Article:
Housing Market Goes Digital as Realtors, Developers, and Sellers Offer More Virtual Tours Due to Coronavirus

As coronavirus keeps people away from each other, real estate agents, developers, and sellers are postponing open houses and instead conducting appointment-only showings and virtual tours

home for sale
Real estate agents are opting for private and virtual tours during the coronavirus outbreak. // Stock photo

As coronavirus keeps people away from each other, shopping for homes is turning a new leaf. Real estate agents, developers, and sellers are postponing open houses and instead conducting appointment-only showings and virtual tours.

“We quickly found the market changing with the coronavirus emergency and the new reality of social distancing,” says Jeanette Schneider, executive vice president of RE/MAX of Southeastern Michigan. “Homes are still being bought and sold, but the way we do it will likely become more digital. In this ever-changing environment, we encourage buyers and sellers to talk to their local professional agent for the most current information in their market.”

From the most recent housing activity, Schneider adds: “Favorable interest rates for buyers was the story in February that led to a less than two-month supply of homes and pushed home values higher as we waited for more homes to come on the market in spring.”

Home sales fell 9.7 percent year-over-year with 2,536 sold compared to 2019’s 2,809. In January, 2,530 sold. The drop is due to a low housing supply – a 1.9 months supply was available in February 2020, compared to 2.4 months in February 2019 and 2.2 months in January 2020. Nationally, home sales increased 7.5 percent, and there was a 2.8 months supply of homes available.

The median sales price increased 5.8 percent to $210,194 from $198,613 in February 2019. This is down from January’s median sale price of $215,000. The median sales price nationally is $260,000, a 7.9 percent increase year-over-year.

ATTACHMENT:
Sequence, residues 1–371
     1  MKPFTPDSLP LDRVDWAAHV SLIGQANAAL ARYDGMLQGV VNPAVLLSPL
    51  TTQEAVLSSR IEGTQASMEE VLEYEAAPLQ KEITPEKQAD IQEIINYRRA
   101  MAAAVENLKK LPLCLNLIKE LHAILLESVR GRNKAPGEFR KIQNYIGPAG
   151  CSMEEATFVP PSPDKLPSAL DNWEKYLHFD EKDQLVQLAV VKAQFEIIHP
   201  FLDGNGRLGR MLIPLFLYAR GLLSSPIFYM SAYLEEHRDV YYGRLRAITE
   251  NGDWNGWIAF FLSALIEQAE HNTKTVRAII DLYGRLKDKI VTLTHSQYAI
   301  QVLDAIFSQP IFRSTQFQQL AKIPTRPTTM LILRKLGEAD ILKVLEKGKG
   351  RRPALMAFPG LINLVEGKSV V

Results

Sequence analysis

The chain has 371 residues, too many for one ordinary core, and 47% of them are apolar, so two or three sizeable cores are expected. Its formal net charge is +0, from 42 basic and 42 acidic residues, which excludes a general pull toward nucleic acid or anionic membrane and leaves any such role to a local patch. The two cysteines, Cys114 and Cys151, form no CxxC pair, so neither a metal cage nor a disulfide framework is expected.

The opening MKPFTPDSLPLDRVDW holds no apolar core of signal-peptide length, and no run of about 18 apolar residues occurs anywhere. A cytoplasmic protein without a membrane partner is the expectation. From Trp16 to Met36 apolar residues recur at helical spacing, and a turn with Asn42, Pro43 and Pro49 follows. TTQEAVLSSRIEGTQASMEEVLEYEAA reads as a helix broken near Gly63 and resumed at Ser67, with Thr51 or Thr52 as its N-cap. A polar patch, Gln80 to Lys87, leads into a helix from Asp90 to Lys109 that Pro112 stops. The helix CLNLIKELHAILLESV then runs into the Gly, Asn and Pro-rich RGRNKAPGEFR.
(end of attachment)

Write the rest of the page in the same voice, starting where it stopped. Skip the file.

Homes spent 52 days on the market, an increase of three from February 2019’s 49 days and an increase of one from January 2020’s 51 days. Across the U.S., homes spent 60 days on the market, down two days from last year.

Oakland County saw the biggest year-over-year decrease in home sales – 11.3 percent to 831 homes sold from 937. Livingston County was a close second with 136 homes sold compared to the previous year’s 153, a decrease of 11.1 percent. Wayne County saw a decrease of 10.8 percent to 991 from 1,111, while Detroit had a decrease of 8.3 percent from 265 to 243. Macomb County had the smallest decrease of 4.9 percent from 608 in 2019 to 578 this year.

The median sale price increased the most in Detroit – 15.2 percent from $35,251 to $40,610. Increases in other parts of the region were more modest – 6.5 percent to $271,525 in Livingston County, 6.1 percent to $260,000 in Oakland County, 5.8 percent to $179,250 in Macomb County, and 4 percent to $130,000 in Wayne County.

Homes spent 52 days on the market in Macomb County, a 20.9 percent increase from February 2019’s 43 days. In Livingston County, they spent 60 days on the market, a 5.3 percent increase from 57. In Detroit, homes spent 55 days on the market, the same as last year. Wayne County also saw no change from 47 days. In Oakland County, homes spent 50 days on the market, a 4.2 percent increase from 48.